Whether it’s gay marriage, civil unions or simply pride, the gay issue is a hot potato in the hands of politicians. In Hillsborough County specifically, where gay pride has been severely attacked over the last few months, the gay community is trying to speak out to regain its rights.
In June, by a 5-1 vote, the Hillsborough County Commission enacted a policy banning public displays of gay pride in the entire county.
The vote followed an incident at West Gate Regional Library where a book display in support of Gay and Lesbian Pride Month (June) was removed due to patrons’ complaints and relocated to a less-visible part of the library. The library officials claim the display was removed due to a misunderstanding.
Spearheaded by Ronda Storms, the commission adopted a “policy that Hillsborough County government abstain from acknowledging, promoting or participating in gay pride recognition and events, little g, little p.”
But in a community as large and diverse as Tampa Bay, it’s easier to cause a ruckus than Storms thought. Almost immediately, Equality Florida, a statewide gay and lesbian advocacy group, organized a protest in a church in Seminole Heights, an area famous for its homosexually oriented residents.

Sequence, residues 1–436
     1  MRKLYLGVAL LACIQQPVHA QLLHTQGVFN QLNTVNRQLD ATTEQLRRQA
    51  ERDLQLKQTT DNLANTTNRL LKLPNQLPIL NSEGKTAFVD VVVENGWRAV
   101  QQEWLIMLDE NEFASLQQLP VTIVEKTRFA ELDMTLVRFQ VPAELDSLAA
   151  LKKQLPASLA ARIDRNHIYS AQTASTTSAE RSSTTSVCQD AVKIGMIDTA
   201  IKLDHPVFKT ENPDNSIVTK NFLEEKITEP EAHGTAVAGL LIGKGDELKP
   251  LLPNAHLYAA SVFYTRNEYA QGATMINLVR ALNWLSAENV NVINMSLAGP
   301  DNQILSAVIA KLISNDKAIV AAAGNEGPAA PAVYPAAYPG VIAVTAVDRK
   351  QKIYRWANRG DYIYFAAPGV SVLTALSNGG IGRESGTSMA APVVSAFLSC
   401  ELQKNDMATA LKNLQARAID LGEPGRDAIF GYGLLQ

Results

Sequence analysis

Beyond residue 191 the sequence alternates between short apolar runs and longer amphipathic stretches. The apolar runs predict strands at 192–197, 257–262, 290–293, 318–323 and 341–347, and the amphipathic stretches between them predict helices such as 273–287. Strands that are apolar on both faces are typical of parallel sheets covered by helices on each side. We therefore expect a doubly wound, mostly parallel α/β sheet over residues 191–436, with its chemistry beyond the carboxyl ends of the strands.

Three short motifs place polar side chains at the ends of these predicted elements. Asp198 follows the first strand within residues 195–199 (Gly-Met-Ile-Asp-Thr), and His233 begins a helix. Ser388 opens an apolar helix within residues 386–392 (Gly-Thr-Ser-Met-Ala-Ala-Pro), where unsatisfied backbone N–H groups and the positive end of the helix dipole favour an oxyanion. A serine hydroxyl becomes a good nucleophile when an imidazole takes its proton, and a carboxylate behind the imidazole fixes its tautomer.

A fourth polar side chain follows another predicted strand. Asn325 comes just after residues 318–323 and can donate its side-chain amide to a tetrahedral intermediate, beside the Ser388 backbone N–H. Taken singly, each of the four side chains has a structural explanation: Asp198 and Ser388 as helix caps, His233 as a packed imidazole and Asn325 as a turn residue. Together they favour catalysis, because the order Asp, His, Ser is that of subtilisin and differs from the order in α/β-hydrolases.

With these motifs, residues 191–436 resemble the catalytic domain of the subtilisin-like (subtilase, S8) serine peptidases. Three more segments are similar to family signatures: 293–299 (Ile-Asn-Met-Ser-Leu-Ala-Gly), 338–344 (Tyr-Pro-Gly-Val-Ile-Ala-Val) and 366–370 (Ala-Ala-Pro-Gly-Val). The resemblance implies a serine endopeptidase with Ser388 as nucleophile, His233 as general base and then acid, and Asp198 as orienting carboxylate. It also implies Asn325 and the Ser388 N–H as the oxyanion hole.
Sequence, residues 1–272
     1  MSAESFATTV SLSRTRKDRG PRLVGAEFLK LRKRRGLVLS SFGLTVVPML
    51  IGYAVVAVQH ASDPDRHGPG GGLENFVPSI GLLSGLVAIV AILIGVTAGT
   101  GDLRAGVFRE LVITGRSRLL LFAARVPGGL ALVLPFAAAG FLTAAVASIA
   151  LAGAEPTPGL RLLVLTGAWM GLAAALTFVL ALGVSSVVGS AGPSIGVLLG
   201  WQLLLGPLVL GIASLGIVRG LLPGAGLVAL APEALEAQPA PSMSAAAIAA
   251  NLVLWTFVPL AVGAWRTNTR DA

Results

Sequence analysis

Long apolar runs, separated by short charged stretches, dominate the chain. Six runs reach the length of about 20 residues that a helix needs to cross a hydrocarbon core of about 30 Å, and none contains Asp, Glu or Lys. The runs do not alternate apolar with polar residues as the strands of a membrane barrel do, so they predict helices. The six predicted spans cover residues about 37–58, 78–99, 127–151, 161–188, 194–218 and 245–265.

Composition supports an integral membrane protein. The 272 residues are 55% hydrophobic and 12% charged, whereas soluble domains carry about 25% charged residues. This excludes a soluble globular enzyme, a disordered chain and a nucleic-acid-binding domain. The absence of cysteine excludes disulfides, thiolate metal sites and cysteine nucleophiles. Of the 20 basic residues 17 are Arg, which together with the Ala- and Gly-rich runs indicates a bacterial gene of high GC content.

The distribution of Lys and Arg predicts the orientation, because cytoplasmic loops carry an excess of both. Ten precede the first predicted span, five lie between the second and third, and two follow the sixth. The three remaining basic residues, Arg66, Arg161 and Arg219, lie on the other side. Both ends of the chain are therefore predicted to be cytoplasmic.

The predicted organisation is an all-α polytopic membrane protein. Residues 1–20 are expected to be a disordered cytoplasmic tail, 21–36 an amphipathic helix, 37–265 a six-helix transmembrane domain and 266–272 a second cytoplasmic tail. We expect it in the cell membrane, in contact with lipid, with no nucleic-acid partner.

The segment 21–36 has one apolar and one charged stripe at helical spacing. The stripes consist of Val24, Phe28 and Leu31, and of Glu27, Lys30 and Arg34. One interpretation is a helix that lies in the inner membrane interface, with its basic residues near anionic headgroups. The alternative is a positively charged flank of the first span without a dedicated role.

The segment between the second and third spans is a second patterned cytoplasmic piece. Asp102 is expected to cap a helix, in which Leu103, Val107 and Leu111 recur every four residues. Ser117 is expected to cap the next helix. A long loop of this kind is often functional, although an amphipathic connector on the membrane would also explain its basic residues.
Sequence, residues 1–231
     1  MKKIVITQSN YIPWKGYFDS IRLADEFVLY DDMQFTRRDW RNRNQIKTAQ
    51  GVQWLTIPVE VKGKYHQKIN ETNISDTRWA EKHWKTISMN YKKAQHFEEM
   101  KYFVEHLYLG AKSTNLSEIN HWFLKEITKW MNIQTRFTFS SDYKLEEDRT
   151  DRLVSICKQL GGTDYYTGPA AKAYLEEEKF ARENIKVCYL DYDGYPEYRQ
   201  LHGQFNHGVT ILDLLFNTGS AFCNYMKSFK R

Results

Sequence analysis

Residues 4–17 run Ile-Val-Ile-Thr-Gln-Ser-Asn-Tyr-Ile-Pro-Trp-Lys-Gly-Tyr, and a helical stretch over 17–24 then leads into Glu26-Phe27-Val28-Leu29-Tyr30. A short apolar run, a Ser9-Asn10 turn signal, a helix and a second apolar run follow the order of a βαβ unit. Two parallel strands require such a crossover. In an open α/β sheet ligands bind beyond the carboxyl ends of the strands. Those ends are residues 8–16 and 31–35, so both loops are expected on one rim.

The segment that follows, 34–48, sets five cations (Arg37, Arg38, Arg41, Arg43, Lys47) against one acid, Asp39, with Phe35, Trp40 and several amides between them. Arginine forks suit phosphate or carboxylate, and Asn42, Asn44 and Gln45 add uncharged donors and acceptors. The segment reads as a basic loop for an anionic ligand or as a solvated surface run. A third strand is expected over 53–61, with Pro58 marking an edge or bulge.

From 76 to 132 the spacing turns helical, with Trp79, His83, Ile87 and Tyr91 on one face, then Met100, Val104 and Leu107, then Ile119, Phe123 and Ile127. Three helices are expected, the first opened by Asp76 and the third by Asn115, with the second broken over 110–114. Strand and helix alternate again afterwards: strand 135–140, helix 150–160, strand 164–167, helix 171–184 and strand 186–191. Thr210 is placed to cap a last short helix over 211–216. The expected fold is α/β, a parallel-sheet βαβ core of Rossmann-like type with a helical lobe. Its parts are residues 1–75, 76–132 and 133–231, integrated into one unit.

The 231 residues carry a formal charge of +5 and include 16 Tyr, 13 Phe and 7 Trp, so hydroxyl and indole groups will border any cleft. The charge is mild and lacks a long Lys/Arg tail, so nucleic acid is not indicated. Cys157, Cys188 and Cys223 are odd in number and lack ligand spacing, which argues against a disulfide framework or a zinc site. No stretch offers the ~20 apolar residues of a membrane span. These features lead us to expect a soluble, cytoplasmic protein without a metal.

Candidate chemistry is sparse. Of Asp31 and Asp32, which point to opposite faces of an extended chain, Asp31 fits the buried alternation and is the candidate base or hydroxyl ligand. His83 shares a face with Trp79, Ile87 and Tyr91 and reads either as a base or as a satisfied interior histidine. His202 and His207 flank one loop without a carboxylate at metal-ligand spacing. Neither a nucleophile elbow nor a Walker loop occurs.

Nearly four months later and Tampa Bay is still buzzing with dissent. Last Sunday at Skipper’s Smokehouse, a local organization formed specifically to fight Storms and her commission (called Just Say Know). BAN THIS! was organized, an event featuring more than 20 artists uniting against the ruling.
Recently ending at Covivant Gallery in Seminole Heights was Family Values Portrait Project, an exhibit of photographs featuring gay, lesbian and transsexual families. The exhibit, and gallery, won kudos in one of the Bay area’s most recognized awards – Weekly Planet’s Best of the Bay.
Starting tomorrow, the Tampa International Gay and Lesbian Film Festival kicks off more than a week of festivities, which include live performances, a gay and lesbian business expo and nearly 90 films that will be shown during the 10-day event. This is the festival’s 16th year and, as every year, the response is estimated to be huge.
It’s refreshing to see that in a world blind to pressing issues there are still groups of people willing to fight for their rights. Storms’ ban is an infringement of First Amendment rights and is an action of bigotry. Everyone – gay, straight or otherwise – who believes in upholding Constitutional rights should fight this law of ignorance and discrimination, and a good place to start is here at home.